Front National

The French party is enjoying a renaissance after a successful move to “detoxify” the brand under Marine Le Pen, the daughter of its first leader, Jean-Marie Le Pen. Polling at 26 per cent, Marine is expected to win the first round of voting for the presidential election on 23 April. Anti-immigration rhetoric brought the FN huge gains in the 2015 local elections – it came first in six of France’s 13 regions, beating the two main parties.

Golden Dawn

These Greek neo-fascists use Nazi-style symbolism and have expressed admiration for Hitler’s regime. Their leader, Nikolaos Michaloliakos – who in 2012 called the gas chambers “a lie” – rejects the label “neo-Nazi”, preferring “Greek nationalist”. Exploiting the fallout of austerity and the migration crisis, Golden Dawn came third in Greece’s September 2015 election, winning 7 per cent of the vote. At that time, its spokesman Ilias Kasidiaris, who boasts a swastika tattoo, declared: “Golden Dawn is a movement of power; it is not a protest movement any more.”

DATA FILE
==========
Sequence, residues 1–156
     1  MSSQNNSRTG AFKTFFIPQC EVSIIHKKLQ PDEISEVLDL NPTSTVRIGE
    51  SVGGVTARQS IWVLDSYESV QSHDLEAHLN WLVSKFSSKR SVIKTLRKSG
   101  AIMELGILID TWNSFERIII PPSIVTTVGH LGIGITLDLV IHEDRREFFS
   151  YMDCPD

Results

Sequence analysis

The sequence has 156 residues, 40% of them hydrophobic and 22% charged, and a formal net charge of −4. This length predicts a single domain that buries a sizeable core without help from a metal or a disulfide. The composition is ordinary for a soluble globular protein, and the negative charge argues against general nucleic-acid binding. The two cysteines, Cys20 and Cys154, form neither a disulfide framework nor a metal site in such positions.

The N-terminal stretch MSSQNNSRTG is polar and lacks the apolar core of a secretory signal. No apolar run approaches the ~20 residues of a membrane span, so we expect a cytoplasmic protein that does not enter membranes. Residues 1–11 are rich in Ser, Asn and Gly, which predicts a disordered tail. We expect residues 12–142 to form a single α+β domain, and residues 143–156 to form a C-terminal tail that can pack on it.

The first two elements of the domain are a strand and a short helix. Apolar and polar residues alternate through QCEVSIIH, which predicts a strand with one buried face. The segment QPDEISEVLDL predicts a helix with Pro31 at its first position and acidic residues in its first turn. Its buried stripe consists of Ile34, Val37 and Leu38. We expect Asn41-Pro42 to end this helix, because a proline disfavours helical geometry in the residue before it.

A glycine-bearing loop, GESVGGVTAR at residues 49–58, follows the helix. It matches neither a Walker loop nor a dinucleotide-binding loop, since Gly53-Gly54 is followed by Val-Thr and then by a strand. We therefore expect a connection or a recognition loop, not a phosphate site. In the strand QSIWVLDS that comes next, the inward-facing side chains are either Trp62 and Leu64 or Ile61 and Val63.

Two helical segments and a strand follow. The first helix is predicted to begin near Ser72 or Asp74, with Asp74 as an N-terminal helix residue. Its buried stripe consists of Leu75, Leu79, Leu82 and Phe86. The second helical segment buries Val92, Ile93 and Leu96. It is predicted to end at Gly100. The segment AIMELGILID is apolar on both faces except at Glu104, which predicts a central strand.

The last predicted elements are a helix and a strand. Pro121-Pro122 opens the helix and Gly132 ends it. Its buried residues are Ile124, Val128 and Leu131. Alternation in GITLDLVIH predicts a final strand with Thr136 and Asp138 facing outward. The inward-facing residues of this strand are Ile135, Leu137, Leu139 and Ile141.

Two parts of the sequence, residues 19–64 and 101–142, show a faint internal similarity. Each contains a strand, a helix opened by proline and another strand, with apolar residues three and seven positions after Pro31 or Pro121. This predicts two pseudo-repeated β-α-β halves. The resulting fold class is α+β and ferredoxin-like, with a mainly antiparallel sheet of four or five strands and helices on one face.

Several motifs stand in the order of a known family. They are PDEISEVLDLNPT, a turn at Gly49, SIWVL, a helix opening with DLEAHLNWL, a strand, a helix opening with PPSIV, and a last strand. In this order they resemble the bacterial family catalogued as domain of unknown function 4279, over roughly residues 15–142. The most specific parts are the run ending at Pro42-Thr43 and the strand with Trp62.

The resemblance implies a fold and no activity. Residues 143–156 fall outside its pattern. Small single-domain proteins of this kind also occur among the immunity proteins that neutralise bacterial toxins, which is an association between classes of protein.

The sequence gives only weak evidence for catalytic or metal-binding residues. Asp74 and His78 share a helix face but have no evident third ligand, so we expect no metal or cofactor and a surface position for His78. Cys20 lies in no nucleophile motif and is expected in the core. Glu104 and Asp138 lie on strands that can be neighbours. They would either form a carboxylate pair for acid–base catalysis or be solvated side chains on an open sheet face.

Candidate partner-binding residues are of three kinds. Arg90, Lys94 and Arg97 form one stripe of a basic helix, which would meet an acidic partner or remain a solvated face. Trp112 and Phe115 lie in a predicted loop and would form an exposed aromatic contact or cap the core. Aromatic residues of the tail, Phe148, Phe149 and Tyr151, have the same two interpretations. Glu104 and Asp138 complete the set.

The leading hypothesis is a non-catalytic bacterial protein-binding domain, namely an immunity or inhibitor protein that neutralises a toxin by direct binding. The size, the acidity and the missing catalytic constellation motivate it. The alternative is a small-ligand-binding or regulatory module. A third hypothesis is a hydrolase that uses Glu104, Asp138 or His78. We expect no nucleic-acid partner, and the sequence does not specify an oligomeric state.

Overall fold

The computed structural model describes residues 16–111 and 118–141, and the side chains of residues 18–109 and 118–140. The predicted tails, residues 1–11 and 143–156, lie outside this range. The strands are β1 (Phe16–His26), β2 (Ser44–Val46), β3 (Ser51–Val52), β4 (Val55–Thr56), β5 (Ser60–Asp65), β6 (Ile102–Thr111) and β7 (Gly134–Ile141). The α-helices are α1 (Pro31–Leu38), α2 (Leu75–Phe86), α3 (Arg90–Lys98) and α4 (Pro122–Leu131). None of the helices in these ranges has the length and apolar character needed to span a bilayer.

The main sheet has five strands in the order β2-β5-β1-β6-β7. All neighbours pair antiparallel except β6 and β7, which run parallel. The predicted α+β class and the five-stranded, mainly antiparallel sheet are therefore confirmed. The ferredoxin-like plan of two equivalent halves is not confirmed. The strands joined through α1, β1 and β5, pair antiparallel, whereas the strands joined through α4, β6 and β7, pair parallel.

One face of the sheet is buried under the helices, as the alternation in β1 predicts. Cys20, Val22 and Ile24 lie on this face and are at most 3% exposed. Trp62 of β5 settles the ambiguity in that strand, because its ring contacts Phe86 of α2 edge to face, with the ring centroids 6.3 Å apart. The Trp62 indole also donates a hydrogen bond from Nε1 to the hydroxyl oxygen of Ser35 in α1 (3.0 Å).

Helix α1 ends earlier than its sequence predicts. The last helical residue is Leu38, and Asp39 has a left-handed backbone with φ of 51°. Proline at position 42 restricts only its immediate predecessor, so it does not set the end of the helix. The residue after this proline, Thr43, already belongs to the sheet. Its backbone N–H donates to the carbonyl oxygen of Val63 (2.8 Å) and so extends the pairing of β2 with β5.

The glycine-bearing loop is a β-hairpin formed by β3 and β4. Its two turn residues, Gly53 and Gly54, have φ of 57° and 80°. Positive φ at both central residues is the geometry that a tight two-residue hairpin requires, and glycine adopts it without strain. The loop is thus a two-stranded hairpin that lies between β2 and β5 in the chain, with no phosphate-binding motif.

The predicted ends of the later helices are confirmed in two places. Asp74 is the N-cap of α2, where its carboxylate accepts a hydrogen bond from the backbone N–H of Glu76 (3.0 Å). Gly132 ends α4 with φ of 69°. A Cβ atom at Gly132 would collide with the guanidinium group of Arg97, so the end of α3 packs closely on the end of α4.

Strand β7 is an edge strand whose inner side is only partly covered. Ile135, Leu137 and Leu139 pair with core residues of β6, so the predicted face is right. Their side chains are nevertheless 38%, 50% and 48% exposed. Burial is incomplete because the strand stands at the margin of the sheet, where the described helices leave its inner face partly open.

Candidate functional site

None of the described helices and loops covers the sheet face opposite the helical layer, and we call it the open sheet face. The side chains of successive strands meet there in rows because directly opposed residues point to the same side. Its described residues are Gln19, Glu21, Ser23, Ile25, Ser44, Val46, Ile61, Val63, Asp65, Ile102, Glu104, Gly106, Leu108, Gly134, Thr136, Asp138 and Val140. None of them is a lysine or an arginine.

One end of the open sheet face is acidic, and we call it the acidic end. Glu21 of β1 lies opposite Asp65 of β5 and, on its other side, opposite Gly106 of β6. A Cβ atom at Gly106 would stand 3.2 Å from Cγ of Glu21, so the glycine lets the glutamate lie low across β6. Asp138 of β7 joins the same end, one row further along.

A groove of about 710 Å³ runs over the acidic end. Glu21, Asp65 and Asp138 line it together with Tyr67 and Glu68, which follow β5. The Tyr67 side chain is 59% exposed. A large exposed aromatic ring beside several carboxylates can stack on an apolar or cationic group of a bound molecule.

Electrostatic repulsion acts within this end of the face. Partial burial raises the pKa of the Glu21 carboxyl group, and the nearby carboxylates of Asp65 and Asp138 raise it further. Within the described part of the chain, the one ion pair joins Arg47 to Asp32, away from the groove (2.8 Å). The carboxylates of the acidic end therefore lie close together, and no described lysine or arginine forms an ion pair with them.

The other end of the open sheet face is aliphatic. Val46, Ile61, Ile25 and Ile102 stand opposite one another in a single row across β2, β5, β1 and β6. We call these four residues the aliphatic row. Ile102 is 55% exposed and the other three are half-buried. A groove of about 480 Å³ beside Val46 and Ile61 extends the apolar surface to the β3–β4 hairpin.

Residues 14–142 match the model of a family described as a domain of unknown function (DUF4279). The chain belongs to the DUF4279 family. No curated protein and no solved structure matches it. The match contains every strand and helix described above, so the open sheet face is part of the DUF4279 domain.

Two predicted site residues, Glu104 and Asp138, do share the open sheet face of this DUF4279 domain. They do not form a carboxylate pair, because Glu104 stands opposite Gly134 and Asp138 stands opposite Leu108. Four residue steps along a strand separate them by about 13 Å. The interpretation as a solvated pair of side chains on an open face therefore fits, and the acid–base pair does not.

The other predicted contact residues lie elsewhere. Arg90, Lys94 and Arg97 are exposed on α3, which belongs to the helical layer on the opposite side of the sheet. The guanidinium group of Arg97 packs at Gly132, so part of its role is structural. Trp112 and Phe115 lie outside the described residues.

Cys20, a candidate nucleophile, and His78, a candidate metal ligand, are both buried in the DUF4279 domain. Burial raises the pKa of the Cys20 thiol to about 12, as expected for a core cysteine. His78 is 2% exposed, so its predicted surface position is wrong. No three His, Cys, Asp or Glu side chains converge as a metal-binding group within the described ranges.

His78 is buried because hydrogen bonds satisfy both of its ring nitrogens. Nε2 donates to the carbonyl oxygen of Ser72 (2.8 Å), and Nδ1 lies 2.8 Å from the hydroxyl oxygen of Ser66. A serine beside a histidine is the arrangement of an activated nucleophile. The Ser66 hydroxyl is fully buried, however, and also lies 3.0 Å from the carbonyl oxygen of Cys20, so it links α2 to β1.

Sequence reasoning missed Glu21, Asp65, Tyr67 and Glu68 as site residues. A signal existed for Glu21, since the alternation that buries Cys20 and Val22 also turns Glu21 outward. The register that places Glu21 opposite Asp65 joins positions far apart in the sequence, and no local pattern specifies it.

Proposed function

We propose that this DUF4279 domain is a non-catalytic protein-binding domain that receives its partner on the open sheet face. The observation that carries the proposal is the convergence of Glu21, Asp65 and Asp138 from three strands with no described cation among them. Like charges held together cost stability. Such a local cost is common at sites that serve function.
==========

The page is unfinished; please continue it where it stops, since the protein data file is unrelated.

Freiheitliche Partei Österreichs

Licking its wounds after narrowly losing Austria’s rerun presidential election to the Greens’ Alexander van der Bellen in December, the FPÖ is trying to secure its clout. Its leader, Heinz-Christian Strache, travelled to Trump Tower to congratulate the new US president in January and had a meeting with Donald Trump’s then national security adviser, Mike Flynn. Accused of Nazi sympathies, the FPÖ is vocally anti-Islam. It holds 38 of the 183 seats on Austria’s National Council.